The new landing performance monitor, shown to Aviation Week on Dec. 4 in the form of an engineering prototype, gives the pilot-not-flying a graphical representation of where on the runway the aircraft will stop, along with suggestions for maximum braking, deploying spoilers and other excursion preventatives.
The same computations are used for the takeoff performance monitor, which Khatwa says is the more difficult of the two to implement. In the engineering prototype, the pilot-not-flying sees two bands overlaying the runway, one in brown and one in blue, along with the computed location for “V1” speed. The top of the brown band shows the region where the aircraft can be stopped if the takeoff is aborted, and the top of the blue band shows where the aircraft will reach a height of 35 ft. above the runway if the takeoff is continued.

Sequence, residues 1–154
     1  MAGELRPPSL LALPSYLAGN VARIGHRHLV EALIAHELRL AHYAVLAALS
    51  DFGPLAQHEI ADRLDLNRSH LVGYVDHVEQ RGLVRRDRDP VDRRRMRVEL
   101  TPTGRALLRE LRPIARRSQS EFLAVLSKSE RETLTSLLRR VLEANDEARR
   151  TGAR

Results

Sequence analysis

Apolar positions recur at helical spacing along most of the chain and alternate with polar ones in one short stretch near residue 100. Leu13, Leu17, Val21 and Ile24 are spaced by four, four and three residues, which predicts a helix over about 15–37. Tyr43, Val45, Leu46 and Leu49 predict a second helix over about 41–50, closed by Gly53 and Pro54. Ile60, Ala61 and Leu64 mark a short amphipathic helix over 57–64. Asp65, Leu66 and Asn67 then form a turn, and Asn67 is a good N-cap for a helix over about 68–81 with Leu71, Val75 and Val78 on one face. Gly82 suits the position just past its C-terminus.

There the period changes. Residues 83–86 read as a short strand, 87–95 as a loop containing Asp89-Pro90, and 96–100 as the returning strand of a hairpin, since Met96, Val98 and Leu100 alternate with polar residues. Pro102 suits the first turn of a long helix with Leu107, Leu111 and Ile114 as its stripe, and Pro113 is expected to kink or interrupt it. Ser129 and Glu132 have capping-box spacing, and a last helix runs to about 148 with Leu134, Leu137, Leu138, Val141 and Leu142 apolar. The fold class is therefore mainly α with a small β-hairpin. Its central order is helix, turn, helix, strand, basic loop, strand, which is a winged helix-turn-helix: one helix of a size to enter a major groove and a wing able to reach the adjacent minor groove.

The software computes the V1 and 35 ft. locations by comparing the actual acceleration of the aircraft with the scheduled acceleration, issuing an aural alert at 80 kt. if the acceleration is too low. The alert is inhibited above 80 kt. to avoid distracting pilots in the high-speed portion of the takeoff.